Court nixes review in Philadelphia Newspapers case

* Court clears the way for cash-only auction

* Auction might be held in April

By Tom Hals

WILMINGTON, Del, April 9 (BestGrowthStock) – Secured lenders of
Philadelphia Newspapers LLC were dealt a setback on Friday in
their attempt to take control of the city’s leading daily
newspapers without putting up any more money.

The lenders, including Citizens Bank, were denied a request
to have a U.S. Appeals Court rehear a decision barring them
from using $318 million they are owed (known as credit bidding)
as their bid for the Philadelphia Inquirer and Daily News.

The decision clears the way for the company to hold an
auction with cash-only bids. Philadelphia Newspapers has argued
that bids must be in cash to determine the market price of the
business. Secured lenders could still bid in cash.

A spokesman for Citizens Bank said it was reviewing its

Philadelphia Newspapers said it was “extremely pleased”
with the decision. “It is time to stop these endless appeals
and stop wasting the company’s money on new law firms,” the
company said in a statement.

“The lenders are now 0-4 and have been turned down by
almost every Third Circuit judge available to vote on the
matter. They are running out of judges to tell them no.”

Critics of the “cash only” bidding have said it could
strengthen the hand of bankrupt companies that want to have
added leverage with secured creditors. The dissenting judge in
the original Appeals Court ruling warned it could raise the
cost of credit.

The outcome of the battle will determine whether the
newspapers are run by a group of banks or investors with ties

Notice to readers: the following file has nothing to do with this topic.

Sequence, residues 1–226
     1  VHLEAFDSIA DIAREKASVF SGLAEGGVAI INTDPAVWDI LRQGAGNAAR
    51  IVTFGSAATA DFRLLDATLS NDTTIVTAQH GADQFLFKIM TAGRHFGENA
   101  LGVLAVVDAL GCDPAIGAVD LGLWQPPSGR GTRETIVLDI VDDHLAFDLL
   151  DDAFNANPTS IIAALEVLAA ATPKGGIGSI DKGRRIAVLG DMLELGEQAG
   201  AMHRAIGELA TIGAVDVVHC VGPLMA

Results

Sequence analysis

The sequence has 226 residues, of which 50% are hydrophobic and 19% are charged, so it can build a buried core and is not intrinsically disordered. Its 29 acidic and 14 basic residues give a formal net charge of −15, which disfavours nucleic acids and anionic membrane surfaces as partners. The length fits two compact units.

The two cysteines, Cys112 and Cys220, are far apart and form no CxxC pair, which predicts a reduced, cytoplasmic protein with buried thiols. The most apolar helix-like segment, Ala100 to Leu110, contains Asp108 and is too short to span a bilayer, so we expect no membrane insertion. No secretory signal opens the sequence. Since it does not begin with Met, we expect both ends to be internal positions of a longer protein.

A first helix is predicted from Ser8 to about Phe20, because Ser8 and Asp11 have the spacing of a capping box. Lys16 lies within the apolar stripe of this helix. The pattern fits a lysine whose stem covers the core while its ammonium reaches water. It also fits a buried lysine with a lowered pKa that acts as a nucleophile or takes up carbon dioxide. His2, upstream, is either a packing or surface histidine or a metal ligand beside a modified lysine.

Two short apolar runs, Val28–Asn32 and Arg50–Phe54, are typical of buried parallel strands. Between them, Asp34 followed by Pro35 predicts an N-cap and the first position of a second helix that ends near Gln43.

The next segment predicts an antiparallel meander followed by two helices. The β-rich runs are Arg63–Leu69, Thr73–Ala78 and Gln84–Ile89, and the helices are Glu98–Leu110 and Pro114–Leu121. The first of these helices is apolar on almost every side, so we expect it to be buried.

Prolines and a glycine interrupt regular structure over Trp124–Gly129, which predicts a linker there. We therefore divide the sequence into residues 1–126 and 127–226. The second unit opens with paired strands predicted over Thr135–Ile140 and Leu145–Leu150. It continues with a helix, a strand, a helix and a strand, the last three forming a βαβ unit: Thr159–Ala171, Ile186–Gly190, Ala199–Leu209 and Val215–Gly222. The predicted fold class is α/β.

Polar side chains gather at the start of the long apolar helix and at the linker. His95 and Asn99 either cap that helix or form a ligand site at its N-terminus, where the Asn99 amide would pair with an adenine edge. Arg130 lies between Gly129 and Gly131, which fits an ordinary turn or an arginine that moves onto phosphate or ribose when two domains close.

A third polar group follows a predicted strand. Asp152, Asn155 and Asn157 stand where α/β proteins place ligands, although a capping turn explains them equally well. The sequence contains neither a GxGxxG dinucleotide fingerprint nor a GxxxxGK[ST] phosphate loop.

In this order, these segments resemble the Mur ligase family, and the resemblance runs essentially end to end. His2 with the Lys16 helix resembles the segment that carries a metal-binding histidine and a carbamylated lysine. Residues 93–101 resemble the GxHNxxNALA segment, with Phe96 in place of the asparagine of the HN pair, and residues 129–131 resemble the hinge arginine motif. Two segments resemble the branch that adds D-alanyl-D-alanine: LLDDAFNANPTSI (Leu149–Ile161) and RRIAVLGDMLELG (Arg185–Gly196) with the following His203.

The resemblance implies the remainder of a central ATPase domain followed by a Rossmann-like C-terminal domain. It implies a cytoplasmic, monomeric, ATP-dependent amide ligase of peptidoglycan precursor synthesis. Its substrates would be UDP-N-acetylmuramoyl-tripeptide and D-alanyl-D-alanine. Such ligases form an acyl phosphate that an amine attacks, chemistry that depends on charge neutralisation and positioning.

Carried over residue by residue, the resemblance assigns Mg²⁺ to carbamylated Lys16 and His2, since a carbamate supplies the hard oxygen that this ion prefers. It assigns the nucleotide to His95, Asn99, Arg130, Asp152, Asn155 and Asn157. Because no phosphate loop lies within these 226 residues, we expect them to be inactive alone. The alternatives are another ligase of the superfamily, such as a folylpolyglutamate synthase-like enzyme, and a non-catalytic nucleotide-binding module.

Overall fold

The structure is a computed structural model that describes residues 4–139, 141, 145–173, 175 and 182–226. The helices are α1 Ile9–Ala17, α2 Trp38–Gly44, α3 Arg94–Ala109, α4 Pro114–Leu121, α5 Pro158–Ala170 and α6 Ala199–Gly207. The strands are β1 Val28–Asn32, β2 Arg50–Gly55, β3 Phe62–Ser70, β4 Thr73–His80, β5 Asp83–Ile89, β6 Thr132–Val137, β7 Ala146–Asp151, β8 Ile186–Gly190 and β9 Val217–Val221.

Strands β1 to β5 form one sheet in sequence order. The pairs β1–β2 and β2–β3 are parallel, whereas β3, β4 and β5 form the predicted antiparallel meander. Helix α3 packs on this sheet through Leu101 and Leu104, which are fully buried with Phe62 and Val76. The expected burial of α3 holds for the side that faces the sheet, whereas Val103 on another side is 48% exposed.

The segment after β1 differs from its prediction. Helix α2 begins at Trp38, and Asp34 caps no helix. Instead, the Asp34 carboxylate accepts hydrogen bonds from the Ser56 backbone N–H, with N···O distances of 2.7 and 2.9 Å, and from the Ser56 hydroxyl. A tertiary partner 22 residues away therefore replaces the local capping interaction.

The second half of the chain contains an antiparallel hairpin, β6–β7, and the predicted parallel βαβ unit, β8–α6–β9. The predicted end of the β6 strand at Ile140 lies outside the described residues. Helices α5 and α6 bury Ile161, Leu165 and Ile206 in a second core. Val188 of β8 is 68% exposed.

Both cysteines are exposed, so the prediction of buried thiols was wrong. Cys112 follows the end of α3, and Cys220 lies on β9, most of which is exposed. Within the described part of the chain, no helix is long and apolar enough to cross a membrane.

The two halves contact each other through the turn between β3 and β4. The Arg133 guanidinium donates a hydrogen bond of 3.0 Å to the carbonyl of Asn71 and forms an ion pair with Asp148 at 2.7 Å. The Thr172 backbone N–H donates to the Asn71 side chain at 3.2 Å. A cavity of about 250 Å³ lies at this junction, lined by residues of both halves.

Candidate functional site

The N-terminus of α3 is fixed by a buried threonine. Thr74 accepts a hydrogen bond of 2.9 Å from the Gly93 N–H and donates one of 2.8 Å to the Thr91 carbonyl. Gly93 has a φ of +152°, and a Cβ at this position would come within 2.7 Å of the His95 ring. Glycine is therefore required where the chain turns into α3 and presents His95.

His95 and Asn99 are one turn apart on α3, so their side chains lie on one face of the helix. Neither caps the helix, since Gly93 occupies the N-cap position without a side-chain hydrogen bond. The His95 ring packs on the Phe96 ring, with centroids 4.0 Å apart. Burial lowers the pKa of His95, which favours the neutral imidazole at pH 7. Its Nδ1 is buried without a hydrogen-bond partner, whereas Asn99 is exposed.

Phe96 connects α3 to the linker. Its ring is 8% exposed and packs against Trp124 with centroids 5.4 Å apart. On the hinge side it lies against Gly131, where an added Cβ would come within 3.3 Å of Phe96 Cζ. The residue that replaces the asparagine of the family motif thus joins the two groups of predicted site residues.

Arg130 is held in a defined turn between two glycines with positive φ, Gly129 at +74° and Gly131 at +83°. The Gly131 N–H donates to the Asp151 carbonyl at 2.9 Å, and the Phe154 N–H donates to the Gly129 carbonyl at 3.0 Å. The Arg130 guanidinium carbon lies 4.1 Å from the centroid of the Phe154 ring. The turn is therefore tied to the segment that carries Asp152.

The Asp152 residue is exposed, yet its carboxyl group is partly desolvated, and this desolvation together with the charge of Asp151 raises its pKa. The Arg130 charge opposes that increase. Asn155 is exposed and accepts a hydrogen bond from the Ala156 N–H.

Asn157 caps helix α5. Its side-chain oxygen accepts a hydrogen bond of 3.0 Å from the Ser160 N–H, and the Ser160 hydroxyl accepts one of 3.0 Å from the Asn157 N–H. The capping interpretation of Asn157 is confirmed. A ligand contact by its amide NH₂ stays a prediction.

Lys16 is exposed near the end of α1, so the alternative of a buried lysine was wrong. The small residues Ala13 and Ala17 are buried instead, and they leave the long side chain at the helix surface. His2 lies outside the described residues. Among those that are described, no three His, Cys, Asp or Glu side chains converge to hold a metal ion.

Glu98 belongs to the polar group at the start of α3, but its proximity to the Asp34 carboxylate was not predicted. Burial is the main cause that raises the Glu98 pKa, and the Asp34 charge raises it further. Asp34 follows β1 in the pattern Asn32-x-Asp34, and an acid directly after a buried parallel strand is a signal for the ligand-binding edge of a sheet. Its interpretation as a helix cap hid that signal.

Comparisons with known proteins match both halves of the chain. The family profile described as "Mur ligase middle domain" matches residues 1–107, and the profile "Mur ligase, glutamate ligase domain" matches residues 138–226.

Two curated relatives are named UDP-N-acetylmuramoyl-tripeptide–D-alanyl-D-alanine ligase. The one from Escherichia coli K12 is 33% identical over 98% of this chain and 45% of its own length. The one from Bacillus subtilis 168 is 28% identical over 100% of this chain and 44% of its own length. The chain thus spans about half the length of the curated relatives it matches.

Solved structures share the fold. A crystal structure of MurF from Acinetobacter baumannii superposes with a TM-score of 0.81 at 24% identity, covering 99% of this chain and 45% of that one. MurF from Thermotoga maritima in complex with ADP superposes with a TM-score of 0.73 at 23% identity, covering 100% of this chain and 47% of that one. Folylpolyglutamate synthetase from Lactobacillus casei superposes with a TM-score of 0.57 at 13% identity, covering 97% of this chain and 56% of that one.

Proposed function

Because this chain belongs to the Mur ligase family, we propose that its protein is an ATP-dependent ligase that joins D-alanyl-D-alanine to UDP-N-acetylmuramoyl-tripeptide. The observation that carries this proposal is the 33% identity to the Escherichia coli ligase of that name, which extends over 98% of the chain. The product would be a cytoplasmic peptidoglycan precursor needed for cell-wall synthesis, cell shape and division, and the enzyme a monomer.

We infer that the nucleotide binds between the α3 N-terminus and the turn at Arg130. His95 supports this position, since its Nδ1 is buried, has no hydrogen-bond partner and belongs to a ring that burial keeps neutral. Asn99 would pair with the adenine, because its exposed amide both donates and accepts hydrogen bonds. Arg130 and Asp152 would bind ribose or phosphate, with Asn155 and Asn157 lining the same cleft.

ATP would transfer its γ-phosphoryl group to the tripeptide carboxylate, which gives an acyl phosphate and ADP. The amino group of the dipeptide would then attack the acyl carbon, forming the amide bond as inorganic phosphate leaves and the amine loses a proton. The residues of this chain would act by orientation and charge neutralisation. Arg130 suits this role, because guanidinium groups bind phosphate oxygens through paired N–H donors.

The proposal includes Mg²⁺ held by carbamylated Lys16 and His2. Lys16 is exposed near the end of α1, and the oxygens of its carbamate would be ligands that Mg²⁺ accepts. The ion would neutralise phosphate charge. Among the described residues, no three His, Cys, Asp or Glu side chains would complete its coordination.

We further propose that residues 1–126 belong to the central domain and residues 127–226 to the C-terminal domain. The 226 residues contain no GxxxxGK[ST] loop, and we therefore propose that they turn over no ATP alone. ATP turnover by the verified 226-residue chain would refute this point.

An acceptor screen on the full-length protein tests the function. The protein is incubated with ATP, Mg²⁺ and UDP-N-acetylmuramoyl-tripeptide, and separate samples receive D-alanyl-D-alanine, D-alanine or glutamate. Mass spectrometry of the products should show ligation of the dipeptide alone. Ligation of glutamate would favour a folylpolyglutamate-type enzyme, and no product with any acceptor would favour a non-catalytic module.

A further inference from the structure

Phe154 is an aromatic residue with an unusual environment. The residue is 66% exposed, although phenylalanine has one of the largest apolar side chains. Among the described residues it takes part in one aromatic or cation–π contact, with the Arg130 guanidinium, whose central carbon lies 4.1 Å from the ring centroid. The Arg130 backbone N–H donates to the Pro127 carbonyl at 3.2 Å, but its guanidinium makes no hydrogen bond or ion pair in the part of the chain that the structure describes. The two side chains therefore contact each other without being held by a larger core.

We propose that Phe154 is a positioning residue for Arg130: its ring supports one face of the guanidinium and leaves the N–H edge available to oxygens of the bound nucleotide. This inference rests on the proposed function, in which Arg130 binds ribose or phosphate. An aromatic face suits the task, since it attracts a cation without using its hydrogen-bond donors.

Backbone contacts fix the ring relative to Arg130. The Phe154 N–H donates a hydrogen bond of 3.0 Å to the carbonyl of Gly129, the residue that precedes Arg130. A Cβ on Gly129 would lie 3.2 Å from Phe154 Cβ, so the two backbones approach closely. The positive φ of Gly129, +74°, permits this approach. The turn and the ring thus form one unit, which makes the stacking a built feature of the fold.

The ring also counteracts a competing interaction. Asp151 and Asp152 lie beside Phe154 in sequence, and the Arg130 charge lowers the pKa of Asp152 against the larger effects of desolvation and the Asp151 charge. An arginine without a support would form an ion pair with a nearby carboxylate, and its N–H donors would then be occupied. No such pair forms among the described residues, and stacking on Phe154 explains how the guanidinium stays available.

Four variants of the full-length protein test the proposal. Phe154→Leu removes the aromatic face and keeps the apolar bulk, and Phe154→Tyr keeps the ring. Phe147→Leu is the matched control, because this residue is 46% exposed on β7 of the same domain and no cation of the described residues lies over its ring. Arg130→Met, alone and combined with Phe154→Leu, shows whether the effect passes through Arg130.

to Brian Tierney, the publisher’s chief executive.

Tierney, a Philadelphia advertising executive, bought the
newspapers from The McClatchy Company and presided over them as
their revenues declined and they were forced to file for
bankruptcy protection.

Tierney often has equated his fight to keep control of the
newspapers with the fight to preserve strong local journalism
in the Philadelphia area, even as newspaper companies around
the country struggle to retain a local presence.


Unless the U.S. Supreme Court gets involved, an auction
could be held later this month.

The company received an initial bid of $67 million last
August from real estate developer Bruce Toll and his group of
Philadelphia-area investors. Toll’s proposal will now be
subject to higher bids, which must be in cash.

Toll was part of the group of investors who backed
advertising executive Brian Tierney’s takeover of the
publishing company in 2006.

The bankruptcy case is In re Philadelphia Newspapers LLC,
U.S. Bankruptcy Court, Eastern District of Pennsylvania, No.

The Appeals Court case is In re Philadelphia Newspapers
LLC, U.S. Court of Appeals for the Third Circuit, No. 09-4266.

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Court nixes review in Philadelphia Newspapers case